45. 45. D2.1 Conceptual Framework and Pedagogical Methodology person with their own characteristics and circumstances. Moreover, each learner has different learning strategies. As Graham states, “understanding how their students are learning is as important as being aware of what they are learning” as she believes that “many of the difficulties experienced by students can be mitigated by more explicit teaching of the effective use of learning strategies (…) [although] learning strategies are not always implemented in the most appropriate manner. (Graham 1997). The platform takes into account the diversity of existing learning strategies. 4.1.2 The teacher Obviously, personality, motivation, teaching style, learner-teacher relationship, culture, etc. are variables which affect the teaching process. By using learning platforms teachers may adopt the role of facilitators (following a social constructivist approach) rather than the role of traditional teachers, but the success of the experience will depend not only on the teaching approach but on the teacher’s technical proficiency. Schwartz states that “teachers need to be trained in the appropriate use of the technology so they may better guide their students to achieve maximum results.” Schwartz (1995: 534). Platform design takes into account different proficiency levels of expertise in teachers and must be not only “learner-friendly” but also “teacher-friendly”. The possibility to explore new teaching possibilities and to revitalize their teaching curriculum will motivate teachers to use the learning platform. Teaching strategies useful for learning platforms are further analysed. 4.1.3 The learning context A learning process is determined also by its learning context. In ClipFlair, the learning context is the web platform. From a learning point of view, the context has to allow for a clear documentary section where materials and necessary information to carry out the tasks must be provided. Moreover, the context has to cater for a communication section where teachers and learners communicate for information, tutoring, feedback, planning and assessment. 4.1.4 The teaching approach In foreign language learning, teachers aim at developing practice for the traditional four skills (writing, speaking, listening and reading). In ClipFlair, audiovisual skills will be developed and this will require new teaching approaches, as will be presented and developed below. December 2012 Page | 45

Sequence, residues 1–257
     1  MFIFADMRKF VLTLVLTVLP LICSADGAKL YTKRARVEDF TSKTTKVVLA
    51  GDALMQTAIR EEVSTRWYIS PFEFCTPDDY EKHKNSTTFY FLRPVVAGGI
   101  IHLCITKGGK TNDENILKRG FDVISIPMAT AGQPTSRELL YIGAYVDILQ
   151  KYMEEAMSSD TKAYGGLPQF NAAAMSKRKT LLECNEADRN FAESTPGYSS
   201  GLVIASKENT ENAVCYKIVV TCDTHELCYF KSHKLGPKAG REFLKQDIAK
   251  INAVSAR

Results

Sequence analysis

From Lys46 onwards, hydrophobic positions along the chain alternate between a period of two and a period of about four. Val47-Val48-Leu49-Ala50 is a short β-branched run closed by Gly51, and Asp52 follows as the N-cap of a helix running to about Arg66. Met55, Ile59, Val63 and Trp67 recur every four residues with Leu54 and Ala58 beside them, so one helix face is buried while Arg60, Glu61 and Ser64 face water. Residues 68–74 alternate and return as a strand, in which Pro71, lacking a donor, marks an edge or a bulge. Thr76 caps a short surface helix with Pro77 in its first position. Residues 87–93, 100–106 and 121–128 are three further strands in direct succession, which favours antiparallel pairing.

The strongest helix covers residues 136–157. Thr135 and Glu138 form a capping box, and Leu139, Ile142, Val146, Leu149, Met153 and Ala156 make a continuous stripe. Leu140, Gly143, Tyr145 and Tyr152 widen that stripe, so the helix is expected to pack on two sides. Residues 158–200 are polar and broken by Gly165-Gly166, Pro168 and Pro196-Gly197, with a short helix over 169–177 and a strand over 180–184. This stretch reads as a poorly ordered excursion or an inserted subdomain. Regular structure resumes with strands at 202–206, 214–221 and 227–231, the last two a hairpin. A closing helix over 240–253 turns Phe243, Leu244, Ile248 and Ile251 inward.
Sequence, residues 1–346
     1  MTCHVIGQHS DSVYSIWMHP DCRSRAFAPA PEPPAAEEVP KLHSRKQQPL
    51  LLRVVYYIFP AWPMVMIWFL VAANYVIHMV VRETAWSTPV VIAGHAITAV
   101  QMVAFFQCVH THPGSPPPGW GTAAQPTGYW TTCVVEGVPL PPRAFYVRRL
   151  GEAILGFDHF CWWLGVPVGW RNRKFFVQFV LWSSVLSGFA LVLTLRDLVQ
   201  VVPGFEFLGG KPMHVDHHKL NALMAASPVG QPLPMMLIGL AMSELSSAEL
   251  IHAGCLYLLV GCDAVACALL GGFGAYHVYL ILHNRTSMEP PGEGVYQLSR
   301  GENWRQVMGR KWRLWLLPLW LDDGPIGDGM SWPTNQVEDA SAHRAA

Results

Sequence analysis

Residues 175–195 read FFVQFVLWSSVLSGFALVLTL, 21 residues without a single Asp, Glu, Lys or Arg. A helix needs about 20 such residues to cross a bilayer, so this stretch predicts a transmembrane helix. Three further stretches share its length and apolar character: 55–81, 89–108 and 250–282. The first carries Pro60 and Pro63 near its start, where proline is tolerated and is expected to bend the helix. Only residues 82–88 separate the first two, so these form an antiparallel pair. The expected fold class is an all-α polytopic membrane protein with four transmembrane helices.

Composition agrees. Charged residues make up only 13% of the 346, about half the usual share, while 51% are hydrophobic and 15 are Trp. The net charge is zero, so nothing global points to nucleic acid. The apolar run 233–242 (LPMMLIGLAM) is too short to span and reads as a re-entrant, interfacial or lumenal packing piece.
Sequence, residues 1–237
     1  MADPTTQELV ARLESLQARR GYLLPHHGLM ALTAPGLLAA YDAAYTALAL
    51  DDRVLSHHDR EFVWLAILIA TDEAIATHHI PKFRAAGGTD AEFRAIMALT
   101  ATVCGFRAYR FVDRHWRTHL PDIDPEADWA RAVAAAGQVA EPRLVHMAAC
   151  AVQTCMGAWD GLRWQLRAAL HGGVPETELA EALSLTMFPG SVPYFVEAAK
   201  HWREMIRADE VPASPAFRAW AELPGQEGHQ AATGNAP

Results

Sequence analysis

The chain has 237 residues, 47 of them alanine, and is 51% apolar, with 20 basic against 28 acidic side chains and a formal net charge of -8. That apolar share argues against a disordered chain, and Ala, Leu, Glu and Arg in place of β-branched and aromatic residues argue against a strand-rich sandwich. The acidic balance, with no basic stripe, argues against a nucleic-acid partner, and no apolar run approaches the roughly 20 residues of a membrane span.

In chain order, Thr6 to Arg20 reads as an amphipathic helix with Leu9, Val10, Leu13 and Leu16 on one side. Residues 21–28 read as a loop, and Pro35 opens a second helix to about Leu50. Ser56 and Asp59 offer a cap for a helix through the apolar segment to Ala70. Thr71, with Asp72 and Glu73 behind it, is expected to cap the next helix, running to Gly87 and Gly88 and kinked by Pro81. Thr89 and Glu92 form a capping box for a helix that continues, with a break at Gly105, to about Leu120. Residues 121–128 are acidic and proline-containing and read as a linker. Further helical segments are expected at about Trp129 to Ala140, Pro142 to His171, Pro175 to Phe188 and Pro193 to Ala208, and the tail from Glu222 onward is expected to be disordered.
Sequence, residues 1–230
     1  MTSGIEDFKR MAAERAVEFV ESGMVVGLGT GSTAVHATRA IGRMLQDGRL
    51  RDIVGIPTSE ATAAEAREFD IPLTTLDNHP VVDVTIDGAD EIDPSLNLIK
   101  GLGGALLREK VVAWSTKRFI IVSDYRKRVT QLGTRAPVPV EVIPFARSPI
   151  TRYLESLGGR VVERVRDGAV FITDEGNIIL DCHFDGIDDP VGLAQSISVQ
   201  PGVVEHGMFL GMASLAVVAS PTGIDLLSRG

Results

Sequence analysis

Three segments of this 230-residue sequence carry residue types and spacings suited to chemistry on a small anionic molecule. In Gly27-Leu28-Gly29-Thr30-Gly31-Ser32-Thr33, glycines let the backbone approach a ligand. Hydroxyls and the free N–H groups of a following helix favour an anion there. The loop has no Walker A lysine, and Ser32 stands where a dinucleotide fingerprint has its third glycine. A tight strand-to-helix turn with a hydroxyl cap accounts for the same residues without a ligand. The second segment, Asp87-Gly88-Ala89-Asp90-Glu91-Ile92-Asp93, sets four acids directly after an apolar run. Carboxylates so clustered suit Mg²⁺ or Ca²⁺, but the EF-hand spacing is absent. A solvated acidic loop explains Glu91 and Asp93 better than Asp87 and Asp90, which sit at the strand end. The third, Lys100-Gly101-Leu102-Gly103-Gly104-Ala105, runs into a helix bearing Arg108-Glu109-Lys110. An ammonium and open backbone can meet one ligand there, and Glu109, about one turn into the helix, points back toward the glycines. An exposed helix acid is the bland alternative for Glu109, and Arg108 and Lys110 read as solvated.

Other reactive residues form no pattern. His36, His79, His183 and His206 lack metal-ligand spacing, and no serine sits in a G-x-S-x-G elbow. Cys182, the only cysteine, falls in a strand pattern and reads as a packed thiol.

46. 46. D2.1 Conceptual Framework and Pedagogical Methodology The teaching approach determines the way the pedagogical activities will be further developed. Although the ClipFlair platform is a technology-mediated tool, the project does not dependent on such a sophisticated technology-based approach that the objective is for learners to use highly sophisticated learning applications. On the contrary, ClipFlair follows a learner-friendly approach where technology is an instrument for presenting a learning objective. In next section each of the above-mentioned factors will be discussed in detail in order to identify the most relevant pedagogical features to be taken into account for the development of activities and the design of the platform. 4.2 Useful Pedagogical approaches for ClipFlair Following there are some pedagogical approaches taken from mainstream research in learning, language learning and computer- or technology-mediated learning on the above mentioned factors involved in ClipFlair’s learning process. 4.3 On ClipFlair’s learner 4.3.1 Learning is active ClipFlair project focuses on highly active stills such as writing (captioning) and speaking (revoicing), despite the fact that it will be possible to use the platform also for reading (subtitles) and listening (dialogues). In this platform learners will play an active role and they will have to be responsible for their learning in front of the computer. Learners will learn by doing. Different levels of learner involvement are allowed. In ClipFlair, the learners’ level of activity may vary depending on the proposed activity. The learner level of participation and effort may vary as well. For instance, in an activity continuum, learners may go from the minimum level of activity (reading subtitles on the screen) to the maximum level of activity (revoicing a clip in a foreign language without the original source). Other activities in the middle of the continuum might be listening to the audio clip and captioning the clips. The continuum may be represented graphically: December 2012 Page | 46